At Break of Day made the CCBC Choices list, as well as the CBC Not Just for Children Anymore list. Reviewers said of the final product, “A lovely and poetic recasting of the Biblical creation story in a modern spirit…” (Kirkus) “Overall, a vigorous addition to the Creation canon.” (Booklist) “…I find myself once again prowling the children’s section, looking for magic, for lightening in a bottle. I may have found it in At Break of Day.” (Bookpage)

This title remains, to this day, one of my favorite picture books. It’s hard to choose a passage to share with you, but this one is special to me. Have you read this book already? If not, enjoy!

At Break of Day

The son could hardly wait for the fifth day to begin. At
dawn, he headed for the seashore. Then, while his father
watched, the son filled the seas with sharks and seals, starfish
and stingrays, whales and walruses, and short-finned and
long-finned creatures that glided through the clear water

The father nodded his approval. Then the son whispered,
and the word he whispered became a feather, and the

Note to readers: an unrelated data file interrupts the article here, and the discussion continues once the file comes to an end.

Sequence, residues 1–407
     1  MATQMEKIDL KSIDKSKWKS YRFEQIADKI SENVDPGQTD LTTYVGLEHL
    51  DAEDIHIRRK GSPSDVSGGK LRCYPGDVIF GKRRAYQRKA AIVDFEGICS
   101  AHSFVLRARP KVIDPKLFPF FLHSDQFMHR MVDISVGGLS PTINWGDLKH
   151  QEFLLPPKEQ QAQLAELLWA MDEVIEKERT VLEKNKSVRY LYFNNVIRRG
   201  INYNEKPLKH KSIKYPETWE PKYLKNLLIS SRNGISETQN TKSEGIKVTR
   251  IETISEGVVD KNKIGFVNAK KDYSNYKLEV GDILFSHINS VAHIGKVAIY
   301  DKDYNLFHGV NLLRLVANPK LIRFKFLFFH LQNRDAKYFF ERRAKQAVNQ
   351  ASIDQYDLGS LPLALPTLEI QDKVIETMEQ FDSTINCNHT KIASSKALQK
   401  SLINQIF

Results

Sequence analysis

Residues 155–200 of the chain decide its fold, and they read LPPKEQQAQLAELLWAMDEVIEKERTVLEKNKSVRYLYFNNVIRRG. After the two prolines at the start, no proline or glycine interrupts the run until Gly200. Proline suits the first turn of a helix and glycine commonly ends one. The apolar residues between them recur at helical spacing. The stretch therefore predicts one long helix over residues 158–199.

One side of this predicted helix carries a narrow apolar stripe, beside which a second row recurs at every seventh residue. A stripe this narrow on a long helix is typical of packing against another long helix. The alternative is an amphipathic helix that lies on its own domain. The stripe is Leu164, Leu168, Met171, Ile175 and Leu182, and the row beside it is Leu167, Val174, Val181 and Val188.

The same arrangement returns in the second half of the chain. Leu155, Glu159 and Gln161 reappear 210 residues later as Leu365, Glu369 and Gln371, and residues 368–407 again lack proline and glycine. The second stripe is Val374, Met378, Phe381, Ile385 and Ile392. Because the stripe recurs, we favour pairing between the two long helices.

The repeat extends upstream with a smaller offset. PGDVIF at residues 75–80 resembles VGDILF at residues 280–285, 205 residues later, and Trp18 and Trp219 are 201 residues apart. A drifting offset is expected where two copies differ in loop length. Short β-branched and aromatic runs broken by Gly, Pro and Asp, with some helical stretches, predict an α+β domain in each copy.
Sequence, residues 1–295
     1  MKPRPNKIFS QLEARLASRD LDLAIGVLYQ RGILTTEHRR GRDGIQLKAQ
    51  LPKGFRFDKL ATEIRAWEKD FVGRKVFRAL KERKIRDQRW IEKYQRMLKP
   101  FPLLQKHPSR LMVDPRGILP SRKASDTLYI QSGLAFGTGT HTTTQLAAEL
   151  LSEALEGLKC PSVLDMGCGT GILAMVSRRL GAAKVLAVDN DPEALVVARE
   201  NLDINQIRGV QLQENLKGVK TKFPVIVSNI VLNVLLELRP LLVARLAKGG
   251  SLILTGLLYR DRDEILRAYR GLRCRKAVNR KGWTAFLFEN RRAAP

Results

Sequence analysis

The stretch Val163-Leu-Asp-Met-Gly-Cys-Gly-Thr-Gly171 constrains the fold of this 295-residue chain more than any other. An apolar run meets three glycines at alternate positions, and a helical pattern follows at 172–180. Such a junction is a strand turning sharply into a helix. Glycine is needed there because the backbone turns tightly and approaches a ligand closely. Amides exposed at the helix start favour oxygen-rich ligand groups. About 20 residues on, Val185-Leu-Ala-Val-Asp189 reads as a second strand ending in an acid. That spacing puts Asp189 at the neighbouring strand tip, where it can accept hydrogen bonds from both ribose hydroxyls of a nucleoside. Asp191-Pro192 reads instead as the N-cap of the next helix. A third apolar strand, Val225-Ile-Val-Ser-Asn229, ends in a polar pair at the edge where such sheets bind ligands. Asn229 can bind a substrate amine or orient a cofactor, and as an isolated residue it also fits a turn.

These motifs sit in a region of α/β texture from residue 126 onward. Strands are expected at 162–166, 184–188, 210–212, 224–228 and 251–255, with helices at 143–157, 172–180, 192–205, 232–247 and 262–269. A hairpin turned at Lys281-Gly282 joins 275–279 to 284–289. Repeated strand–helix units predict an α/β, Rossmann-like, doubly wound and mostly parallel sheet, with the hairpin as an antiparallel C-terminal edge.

feather traveled on the warm wind of his breath.

In an instant, the whir of wings beating the air echoed
through field and forest, and scores of birds soared and
skimmed and swooped across the sky. The birds looked
left and right but could not find the place where the wind

Dark Sons

Posted August 21st, 2012

Dark SonsWhenever I’d sit in church listening to yet another sermon about Abraham and Isaac, I’d always think to myself, “Yeah, but what about Ishmael?” I’ve heard maybe three sermons about Ishmael in the last two years, but before then, I can’t remember ever having heard a single one, which, of course, made me curious. What was the deal with Ishmael? With every year that passed, my curiosity grew until finally, I grabbed a literary shovel and dug into the story myself.

What did I find? A racially and culturally diverse teen, jealous of his half-brother, estranged from his stepmother, abandoned by his father, and wrestling with his faith. This was all so familiar. I knew scores of boys like that. They’d walked the streets of every neighborhood I’d ever lived in. As Ishmael’s story got its hooks into me, I felt compelled to tell it.

Dark Sons is a novel-in-verse that tells two parallel stories. One is about Ishmael, son of Abraham, and the second is about Sam, a contemporary teen living in New York City, who is wrestling with similar issues. 

When I began working on the book, my intention was simply to tell Ishmael’s story. However, halfway through, I decided to create a parallel story that would underscore just how timely and relevant Ishmael’s thousands-of-years-old story really is.

Library of Congress

Signing books and posters at the Library of Congress. Definitely, one of my favorite things!